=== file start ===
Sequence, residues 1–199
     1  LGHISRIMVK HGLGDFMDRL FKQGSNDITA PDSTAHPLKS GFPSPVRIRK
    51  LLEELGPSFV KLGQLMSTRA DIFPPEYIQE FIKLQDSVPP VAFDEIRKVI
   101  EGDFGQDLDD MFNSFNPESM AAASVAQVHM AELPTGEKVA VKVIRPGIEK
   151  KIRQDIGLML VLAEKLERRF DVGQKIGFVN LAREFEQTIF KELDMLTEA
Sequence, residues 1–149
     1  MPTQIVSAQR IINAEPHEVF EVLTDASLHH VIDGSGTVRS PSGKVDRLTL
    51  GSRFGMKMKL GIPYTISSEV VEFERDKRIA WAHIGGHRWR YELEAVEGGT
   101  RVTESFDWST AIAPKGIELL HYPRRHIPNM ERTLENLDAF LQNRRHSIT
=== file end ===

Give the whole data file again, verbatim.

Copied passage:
Sequence, residues 1–199
     1  LGHISRIMVK HGLGDFMDRL FKQGSNDITA PDSTAHPLKS GFPSPVRIRK
    51  LLEELGPSFV KLGQLMSTRA DIFPPEYIQE FIKLQDSVPP VAFDEIRKVI
   101  EGDFGQDLDD MFNSFNPESM AAASVAQVHM AELPTGEKVA VKVIRPGIEK
   151  KIRQDIGLML VLAEKLERRF DVGQKIGFVN LAREFEQTIF KELDMLTEA
Sequence, residues 1–149
     1  MPTQIVSAQR IINAEPHEVF EVLTDASLHH VIDGSGTVRS PSGKVDRLTL
    51  GSRFGMKMKL GIPYTISSEV VEFERDKRIA WAHIGGHRWR YELEAVEGGT
   101  RVTESFDWST AIAPKGIELL HYPRRHIPNM ERTLENLDAF LQNRRHSIT